Oregon State leading scorer and rebounder Raegan Beers announced on Thursday that she is entering the transfer portal. 

"Thank you for all of your endless love and support these past two years," she posted on social media. "I will never forget my time at OSU and I am thankful for the opportunity I had to meet and play with incredible people. My journey as a Beav was a special one and I am grateful for my teammates, coaches, fans, and friends who have changed my life throughout my time here."

A sophomore forward, Beers is a two-time All-Pac-12 selection who averaged 17.5 points per game last season while shooting 66.4 percent from the field. She also added 10.3 rebounds en route to earning third-team All-American honors from the AP. 

She’s the fourth Oregon State starter – and seventh player overall – to hit the portal this offseason. She joins Talia von Oelhoggen and Timea Gardiner in the transfer portal, as well as starting freshman Donovyn Hunter.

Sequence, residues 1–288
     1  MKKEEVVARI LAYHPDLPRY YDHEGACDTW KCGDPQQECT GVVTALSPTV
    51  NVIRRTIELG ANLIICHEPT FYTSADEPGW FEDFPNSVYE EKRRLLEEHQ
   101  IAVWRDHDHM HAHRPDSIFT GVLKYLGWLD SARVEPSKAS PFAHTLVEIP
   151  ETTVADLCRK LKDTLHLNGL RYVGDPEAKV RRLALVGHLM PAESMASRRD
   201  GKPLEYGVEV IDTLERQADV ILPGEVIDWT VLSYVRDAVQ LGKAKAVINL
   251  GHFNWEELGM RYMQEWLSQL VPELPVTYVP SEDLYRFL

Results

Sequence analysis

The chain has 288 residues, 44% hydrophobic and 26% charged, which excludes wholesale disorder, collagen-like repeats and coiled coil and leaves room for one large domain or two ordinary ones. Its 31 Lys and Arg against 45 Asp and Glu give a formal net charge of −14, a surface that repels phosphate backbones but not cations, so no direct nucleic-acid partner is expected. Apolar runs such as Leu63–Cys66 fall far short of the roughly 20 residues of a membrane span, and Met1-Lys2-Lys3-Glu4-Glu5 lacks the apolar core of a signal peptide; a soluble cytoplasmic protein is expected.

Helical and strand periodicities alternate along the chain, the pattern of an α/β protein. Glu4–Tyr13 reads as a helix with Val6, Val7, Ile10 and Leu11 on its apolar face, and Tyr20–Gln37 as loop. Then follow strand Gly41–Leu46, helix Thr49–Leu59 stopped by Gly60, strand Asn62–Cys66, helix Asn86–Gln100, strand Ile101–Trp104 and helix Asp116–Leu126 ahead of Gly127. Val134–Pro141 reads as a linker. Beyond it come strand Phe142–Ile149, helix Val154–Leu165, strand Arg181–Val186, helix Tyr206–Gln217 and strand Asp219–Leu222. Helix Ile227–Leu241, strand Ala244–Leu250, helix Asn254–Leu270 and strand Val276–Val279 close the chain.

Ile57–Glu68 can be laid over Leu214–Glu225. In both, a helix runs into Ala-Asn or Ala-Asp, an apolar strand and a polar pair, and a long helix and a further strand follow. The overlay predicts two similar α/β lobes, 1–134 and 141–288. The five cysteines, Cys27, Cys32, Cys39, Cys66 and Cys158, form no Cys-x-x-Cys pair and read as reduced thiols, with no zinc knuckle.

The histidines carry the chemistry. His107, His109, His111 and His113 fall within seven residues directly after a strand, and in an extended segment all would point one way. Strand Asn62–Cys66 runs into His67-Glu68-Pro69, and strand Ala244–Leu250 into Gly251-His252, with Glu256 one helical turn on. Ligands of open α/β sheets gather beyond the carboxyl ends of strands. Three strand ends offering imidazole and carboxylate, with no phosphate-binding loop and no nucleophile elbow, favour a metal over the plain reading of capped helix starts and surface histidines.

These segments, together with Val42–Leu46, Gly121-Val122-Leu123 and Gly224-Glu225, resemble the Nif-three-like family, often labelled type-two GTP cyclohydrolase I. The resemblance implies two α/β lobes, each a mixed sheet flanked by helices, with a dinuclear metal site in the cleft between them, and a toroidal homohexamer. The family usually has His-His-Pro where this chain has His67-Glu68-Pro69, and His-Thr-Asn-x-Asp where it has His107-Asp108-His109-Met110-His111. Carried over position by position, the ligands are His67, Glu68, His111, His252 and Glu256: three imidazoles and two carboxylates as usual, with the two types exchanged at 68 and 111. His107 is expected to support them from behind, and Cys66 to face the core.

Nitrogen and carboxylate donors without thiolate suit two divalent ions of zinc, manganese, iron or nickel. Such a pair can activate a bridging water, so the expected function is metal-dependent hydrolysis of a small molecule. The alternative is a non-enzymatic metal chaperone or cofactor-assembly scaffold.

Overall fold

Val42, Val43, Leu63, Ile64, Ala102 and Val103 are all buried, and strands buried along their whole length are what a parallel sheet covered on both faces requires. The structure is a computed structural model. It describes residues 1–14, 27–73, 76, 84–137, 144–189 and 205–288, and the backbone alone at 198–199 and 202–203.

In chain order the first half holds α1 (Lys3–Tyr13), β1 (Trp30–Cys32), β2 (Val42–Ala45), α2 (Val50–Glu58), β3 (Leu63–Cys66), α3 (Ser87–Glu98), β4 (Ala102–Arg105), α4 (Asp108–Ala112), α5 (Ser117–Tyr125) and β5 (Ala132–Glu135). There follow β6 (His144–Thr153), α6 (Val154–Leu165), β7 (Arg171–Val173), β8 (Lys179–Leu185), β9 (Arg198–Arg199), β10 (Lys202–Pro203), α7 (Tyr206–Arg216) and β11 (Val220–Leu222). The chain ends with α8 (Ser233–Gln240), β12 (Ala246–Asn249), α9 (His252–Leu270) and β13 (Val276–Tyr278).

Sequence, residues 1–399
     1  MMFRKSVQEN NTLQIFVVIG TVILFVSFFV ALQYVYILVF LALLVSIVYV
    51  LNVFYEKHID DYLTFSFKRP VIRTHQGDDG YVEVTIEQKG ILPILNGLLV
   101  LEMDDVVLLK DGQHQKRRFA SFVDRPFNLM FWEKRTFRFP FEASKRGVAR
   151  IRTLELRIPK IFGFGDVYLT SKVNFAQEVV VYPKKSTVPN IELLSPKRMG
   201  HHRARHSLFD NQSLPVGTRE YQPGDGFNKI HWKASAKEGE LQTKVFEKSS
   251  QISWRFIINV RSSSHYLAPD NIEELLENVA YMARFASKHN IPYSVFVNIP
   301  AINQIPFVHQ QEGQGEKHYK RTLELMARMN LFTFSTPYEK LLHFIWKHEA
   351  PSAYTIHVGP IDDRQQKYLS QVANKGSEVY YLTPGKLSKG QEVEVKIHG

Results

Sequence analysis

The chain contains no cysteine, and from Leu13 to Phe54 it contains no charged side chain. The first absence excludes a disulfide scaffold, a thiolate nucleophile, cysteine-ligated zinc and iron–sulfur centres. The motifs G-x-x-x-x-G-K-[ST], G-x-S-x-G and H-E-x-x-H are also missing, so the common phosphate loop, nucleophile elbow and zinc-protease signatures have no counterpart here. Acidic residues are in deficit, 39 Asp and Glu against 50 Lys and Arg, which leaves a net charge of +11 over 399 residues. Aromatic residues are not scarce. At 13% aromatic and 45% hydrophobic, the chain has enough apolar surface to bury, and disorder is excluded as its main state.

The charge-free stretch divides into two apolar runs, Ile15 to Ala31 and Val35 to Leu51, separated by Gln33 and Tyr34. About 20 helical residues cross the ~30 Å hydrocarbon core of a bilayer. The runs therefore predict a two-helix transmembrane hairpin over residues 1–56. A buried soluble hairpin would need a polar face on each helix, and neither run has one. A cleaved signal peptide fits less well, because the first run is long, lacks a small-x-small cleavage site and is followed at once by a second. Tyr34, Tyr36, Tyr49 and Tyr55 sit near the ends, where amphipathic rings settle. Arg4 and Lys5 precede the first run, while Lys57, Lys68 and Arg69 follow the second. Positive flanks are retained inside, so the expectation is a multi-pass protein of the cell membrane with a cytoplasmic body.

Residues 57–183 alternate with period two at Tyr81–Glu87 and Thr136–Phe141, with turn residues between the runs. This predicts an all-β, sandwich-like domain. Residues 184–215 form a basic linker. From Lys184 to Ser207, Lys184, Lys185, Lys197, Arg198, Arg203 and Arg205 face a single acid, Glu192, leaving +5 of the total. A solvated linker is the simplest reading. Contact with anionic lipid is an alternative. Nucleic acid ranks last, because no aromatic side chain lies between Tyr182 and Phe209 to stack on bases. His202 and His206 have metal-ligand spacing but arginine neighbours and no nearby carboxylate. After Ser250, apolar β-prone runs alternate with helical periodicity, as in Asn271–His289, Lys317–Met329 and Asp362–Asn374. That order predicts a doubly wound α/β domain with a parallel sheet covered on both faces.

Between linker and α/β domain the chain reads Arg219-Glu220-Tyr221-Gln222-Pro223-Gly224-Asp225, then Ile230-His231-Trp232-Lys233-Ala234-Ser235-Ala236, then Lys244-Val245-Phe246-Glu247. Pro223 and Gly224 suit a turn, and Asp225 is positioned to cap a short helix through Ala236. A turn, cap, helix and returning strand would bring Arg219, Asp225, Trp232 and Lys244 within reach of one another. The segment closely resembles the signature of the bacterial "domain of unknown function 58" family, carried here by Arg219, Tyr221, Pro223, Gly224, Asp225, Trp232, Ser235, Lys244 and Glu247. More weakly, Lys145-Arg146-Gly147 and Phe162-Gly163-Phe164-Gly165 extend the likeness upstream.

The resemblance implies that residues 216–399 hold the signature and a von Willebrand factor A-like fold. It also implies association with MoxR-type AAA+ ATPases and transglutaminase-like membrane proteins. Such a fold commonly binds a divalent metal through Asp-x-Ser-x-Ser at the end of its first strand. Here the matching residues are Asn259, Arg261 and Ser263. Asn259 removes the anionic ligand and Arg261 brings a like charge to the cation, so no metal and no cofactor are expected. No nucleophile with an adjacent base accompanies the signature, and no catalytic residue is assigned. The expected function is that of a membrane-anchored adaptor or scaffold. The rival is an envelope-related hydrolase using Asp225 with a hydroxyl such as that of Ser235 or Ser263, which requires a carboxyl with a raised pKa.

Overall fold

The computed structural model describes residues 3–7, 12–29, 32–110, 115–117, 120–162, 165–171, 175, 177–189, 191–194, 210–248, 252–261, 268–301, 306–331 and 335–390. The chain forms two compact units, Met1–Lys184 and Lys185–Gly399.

Beers and Gardiner were both top-10 recruits in ESPN rankings coming out of high school. 

With the dissolution of the Pac-12, the program will join the WCC next season and no longer be a part of the Power 5.

Conference realignment is hitting the team hard, with coach Scott Rueck saying during the tournament that he knew it could seriously affect his team moving forward. 

"That's reality," Rueck said. "I can't control that, other than just keep doing what I'm doing. I think the opportunity within that for a leader provides a discipline that you'd better be on your A-game all the time. You'd better take care of people, and you'd better provide a great experience. That's the approach going forward and what happens, happens. We'll find a way."